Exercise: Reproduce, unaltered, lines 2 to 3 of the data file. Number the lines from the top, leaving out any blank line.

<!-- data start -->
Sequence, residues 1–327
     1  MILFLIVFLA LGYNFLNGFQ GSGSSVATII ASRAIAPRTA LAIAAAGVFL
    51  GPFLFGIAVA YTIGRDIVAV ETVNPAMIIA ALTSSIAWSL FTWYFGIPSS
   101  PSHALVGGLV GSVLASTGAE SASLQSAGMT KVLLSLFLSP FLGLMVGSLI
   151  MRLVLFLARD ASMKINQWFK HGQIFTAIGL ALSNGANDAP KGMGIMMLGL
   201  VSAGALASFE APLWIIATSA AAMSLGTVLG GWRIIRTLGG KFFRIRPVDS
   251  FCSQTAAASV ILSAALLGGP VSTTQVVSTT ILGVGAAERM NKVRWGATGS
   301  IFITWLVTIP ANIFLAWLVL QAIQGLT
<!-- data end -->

     1  MILFLIVFLA LGYNFLNGFQ GSGSSVATII ASRAIAPRTA LAIAAAGVFL
    51  GPFLFGIAVA YTIGRDIVAV ETVNPAMIIA ALTSSIAWSL FTWYFGIPSS